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The Movement

By Daniel Ugbang
        I was only a young man in my early twenties when it had just begun. I know you would wonder what had begun, you know what? let’s take it gradually.
       Reading through the popular book, There Was A Country by Chinue Achebe, I found out that he had enlightened a lot of individuals through this his masterpiece; one that had led to the inspiration of the elite Igbo dying in quietude. Maybe favoured in a way by the so called Fatherland, hence finding it difficult to take sides.
        Right through the street of St Eugene, I saw for myself the journey of a hundred miles’ step taken by those I tag the “unfavoured populist” (population) of the Nigerian society. 

The “we are tired of Naija” set. 

          Why do I tag them unfavoured? This is because tribalism has allowed for improper representation in the Federal Character. Unknown to the shallow sighted Nigerian, it had been institutionalized from the time of the colonial administration, even to the time of handing down of independence in 1960. 


     

     Back to these large group of individuals protruding the beautiful roads which adorned the streets of Aba the almighty industrial city of the Eastern States. If you know what I mean, let’s leave the lying cat to lie. 

       This movement had commenced, also having been influenced by a radio station known as the Radio Biafra. The on air personality had been the widely known Nnamdi Kanu, who is presently jailed and locked up by the Buhari’s Government in a democratic system where the rule of law supersedes the heart’s desire of any individual; be it you or the number one citizen of the country.


         

       The troops of Biafran fans had been making an outcry that Nigeria “The Giant of Africa” had over stayed its welcome and not just that, but standing on the grounds that Fatherland had failed woefully, even with all its resources it still couldn’t find its Moses for that journey down to promise land.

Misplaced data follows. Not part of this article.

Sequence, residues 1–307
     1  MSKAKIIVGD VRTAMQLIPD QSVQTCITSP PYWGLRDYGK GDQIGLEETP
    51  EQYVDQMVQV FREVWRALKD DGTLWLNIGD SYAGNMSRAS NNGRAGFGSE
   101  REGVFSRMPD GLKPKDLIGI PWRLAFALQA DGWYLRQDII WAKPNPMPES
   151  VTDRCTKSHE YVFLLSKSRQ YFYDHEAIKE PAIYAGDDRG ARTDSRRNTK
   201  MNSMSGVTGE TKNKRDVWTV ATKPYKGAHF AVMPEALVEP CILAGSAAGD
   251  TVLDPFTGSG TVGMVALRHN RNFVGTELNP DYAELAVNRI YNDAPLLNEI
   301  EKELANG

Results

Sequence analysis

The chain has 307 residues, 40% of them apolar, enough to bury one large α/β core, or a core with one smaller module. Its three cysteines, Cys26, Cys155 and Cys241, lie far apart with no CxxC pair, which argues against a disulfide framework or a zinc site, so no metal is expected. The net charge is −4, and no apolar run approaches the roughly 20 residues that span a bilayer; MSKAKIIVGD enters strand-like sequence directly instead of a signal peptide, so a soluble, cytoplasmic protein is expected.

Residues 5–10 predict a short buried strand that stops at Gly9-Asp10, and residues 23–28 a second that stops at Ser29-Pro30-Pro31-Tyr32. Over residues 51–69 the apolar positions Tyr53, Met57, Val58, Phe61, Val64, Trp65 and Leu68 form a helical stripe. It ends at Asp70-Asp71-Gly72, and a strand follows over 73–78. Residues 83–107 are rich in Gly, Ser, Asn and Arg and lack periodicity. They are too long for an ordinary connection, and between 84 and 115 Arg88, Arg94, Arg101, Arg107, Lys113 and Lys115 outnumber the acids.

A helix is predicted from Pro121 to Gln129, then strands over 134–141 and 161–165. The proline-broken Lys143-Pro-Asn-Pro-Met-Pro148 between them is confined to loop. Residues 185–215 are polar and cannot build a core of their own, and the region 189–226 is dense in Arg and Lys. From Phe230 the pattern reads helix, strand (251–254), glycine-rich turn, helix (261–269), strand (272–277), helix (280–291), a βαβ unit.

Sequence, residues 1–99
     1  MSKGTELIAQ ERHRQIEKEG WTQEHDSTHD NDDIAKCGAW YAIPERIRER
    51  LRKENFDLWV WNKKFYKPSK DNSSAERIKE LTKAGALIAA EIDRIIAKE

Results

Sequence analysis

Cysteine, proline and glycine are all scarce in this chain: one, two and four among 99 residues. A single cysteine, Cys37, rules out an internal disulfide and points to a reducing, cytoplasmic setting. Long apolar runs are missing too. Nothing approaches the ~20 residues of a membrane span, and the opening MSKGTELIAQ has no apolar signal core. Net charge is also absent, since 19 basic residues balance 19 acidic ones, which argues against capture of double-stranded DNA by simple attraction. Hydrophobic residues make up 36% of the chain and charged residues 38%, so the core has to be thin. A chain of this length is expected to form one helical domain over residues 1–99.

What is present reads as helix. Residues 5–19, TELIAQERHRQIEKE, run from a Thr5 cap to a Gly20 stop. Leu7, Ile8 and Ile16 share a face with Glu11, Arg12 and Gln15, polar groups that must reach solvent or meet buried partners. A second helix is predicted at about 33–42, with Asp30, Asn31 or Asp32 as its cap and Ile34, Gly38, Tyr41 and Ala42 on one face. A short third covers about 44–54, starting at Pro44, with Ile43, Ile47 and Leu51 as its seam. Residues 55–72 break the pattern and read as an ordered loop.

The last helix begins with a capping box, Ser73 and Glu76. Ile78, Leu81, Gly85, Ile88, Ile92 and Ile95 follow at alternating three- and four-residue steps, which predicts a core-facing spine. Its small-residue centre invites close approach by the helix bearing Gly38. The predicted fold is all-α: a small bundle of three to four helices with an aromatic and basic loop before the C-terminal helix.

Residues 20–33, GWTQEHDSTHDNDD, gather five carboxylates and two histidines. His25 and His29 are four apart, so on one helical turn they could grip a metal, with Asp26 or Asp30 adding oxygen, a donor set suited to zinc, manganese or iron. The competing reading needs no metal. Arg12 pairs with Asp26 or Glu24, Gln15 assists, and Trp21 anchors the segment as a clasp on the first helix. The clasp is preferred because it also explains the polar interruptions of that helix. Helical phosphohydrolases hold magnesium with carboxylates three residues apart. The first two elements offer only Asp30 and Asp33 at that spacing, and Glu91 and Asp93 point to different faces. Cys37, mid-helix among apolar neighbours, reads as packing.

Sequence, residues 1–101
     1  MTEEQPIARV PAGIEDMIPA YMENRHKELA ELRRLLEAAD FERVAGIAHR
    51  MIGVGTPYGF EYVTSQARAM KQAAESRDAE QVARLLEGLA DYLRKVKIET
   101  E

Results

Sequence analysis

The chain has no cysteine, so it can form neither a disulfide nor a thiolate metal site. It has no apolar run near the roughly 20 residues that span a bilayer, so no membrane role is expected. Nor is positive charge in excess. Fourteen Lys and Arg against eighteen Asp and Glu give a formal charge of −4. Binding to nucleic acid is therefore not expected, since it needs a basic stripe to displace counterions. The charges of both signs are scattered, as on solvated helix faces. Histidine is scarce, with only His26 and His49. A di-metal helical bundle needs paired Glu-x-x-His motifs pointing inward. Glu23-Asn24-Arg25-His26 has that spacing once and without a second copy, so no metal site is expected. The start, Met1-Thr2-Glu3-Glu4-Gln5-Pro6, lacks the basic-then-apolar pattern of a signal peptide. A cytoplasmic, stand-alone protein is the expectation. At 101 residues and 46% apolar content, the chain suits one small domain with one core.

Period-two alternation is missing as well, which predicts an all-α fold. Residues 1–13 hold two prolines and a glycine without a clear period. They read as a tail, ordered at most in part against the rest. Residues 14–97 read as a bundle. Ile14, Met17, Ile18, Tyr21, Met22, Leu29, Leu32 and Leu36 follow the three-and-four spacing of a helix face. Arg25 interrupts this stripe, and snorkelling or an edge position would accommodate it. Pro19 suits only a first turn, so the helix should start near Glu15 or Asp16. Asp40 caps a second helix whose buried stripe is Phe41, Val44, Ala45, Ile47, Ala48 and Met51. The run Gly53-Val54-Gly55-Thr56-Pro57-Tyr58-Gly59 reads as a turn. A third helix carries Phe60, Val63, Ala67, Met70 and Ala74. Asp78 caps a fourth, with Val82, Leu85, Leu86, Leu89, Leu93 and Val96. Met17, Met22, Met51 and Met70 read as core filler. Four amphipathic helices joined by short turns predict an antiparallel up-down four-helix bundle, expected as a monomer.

I was amazed when I heard a heavy looking man appearing tautish from my point of view holding the Black, Green and Red colour flag saying “go and look at Ghana”. He gave some factual backing to his stance. I felt immediately like crying considering a nation I have so much regard for, knowing I have no other, had eventually become a mockery of itself being compared to Ghana which is not even half of its population and geographical coverage.

       What wasted work force and resources lying untapped and, even if tapped, mismanaged. What would be of its currency which is even shedding  values and its achievements together as a nation. 

        If this journey is finally accomplished by the Biafran movement, seeking autonomy,  for their own independent country. So this would mean that Nigeria would be no more. This, I couldn’t stand, as my mind’s eye romances the thought.

     How would this be achieved anyway, when the partially educated Northerners who I can opined are believed to love it by force holding tight to their popular Sharia Law and Islamic doctrines think its in their power to give this freedom to a people you did not almagamate?

         The great writer Achebe had made it clear in “There was a country” that there use to be a country until ultimate tribalism, divisionism established by the Colonial Masters just in the quest of utilizing its divide and rule technique and favouritism eventually ate deep into her colony’s bone marrows.

      What is the solution to this? If you choose to have my say, “back to the route and undo the earlier done”. Division for competition  so the illiterate half does not continue to hold back the ready elites; hence slowing down progress.

– Dan
Twitter : @DUgbang
Facebook: Ugbang Daniel Fairo

#StayCrowned〽️

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2 thoughts on “The Movement

  1. odey lovina tony

    The writer pecie is amazing with great courage I believe d sky is his limit

  2. Samuel Majekodunmi

    Good article. It’s high time we stop deceiving ourselves on how great nigeria is. The country needs serious restructuring in our constitutions, policies, way of reasoning for real growth. The lack of love for one another tells a lot on whether we can really continue to live together in peace. Someone needs to bring us together.

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